Military Wiki
Ahmednagar fort
Ahmednagar, Maharashtra
Anagar fort main.jpg
Coordinates Latitude:
Indian Military
Open to
the public
Controlled by

 Ahmednagar (1562-1600)
 Mughal Empire (1600-1724)
 Hyderabad State (1724-1759)
 Maratha Empire (1759-1803)
 United Kingdom

  • East India Company (1803-1857)
  • India (1857-1947)
 India (1947-)
Commanders Chand Bibi, Aurangzeb
Occupants Nana Phadanvis, Jawaharlal Nehru, Abul Kalam Azad, Sardar Patel

The Ahmednagar Fort is located in the heart of the city of Ahmednagar,[1] Maharashtra.[2] It was the headquarters of the Ahmednagar Sultanate. In 1803 it was taken by the British in during the Second Anglo-Maratha War. Later it was used by the British Raj as a prison. Currently the fort is under the administration of the Armoured Corps of the Indian Army.

Major features

In 1803 the Ahmednagar Fort was round in appearance, with twenty-four bastions, one large gate, and three small sally ports. It had a glacis, no covered way; a ditch, revetted with stone on both sides, about 18 feet (5.5 m) wide, with 9 feet (2.7 m) water all round, which only reached within 6 or 7 feet (2.1 m) of the top of the scarp; long reeds grew in it all round. The berm was only about one yard wide. The rampart was of black hewn stone; the parapet of brick in chunam, and both together appeared from the crest of the glacis to be only as high as the pole of a field-officer's tent. The bastions were all about 4½ feet higher; they were round. One of them mounted eight guns en barbet: it pointed to the eastward; all the rest had jingies, four in each. In 1803 two guns were visible in each bastion, and 200 were said to be ready in the fort to be mounted.[3]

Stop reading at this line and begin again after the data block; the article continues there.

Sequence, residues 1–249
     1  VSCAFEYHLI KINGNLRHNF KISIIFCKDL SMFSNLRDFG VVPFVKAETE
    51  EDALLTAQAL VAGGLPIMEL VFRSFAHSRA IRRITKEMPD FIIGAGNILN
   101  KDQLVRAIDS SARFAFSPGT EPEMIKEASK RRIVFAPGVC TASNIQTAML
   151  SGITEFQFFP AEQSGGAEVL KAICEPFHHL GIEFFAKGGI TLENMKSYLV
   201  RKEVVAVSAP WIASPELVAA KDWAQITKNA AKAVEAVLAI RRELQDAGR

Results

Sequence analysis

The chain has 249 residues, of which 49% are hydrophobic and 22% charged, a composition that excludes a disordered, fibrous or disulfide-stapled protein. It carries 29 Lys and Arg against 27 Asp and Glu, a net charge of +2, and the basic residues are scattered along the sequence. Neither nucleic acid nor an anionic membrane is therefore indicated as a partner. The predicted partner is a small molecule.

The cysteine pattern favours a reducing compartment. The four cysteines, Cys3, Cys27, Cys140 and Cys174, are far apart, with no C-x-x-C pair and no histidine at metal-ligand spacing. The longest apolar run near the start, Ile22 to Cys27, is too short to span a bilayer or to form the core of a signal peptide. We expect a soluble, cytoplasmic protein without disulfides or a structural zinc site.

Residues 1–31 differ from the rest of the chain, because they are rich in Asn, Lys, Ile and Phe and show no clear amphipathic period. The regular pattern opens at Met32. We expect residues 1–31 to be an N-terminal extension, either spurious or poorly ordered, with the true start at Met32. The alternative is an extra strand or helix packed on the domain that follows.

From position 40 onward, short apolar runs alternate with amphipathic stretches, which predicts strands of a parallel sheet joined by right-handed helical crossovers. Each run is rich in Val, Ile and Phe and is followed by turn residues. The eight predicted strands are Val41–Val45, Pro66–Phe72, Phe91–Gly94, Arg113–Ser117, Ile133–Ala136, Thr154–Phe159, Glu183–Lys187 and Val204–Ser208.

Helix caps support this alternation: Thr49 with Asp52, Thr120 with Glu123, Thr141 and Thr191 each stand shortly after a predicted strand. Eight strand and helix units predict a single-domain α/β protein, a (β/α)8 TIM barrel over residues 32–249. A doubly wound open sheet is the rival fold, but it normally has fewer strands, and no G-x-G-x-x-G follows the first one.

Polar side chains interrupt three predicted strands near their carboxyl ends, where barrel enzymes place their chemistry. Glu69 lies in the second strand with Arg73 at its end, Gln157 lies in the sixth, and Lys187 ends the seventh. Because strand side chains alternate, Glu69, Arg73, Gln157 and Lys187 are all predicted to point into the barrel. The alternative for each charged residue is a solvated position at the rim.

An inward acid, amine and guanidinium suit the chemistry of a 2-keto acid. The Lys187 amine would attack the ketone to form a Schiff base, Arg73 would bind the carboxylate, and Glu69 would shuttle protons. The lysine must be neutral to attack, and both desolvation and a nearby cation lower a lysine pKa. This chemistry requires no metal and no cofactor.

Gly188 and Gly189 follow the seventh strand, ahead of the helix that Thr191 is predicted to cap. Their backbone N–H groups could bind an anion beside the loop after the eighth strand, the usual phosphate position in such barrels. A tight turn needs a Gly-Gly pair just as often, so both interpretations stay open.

A gunshot to the west of the fort was the Pettah of Ahmednagar. The main gate of the fort faced the pettah, and was defended by a small half-circular work, with one traverse and several little towers for men. There is was a wooden bridge over the ditch, which could be taken away in time of war, but it was not a drawbridge. It was reported that an iron trough as large as the bridge, could be placed upon it, or on the supporters of it, and fill with charcoal or other combustibles, to which could be ignited as an enemy approached.[3]

A small river came from the northward, round the west side of the pettah, and passed to the southward of the fort. A nullah also passed from the northward, between the fort and a town called Bhingar, about a gunshot to the eastward, and joined the river. A potential defensive weakness was a little hill or rising ground close to and east of Bhingar, from which shot from siege guns could reach the fort.[3]

Two nills or covered aqueducts came from the hills, a mile or more to the north, passed through and supplied the pettah and the town, and then went into the fort, either under or through the ditch, into which the waste water fell.[3]

There were no passages across the ditch from the sally ports, and no part of the aqueducts appeared above the ditch. The nullah mentioned above, had steep banks and passed within 60 yards of the fort; the aqueduct from Bhingar passed under it. There was no bridge or even a prominent crossing point at the nullah and hence no clearly defined route between the fort and the town of Bhingar.[3]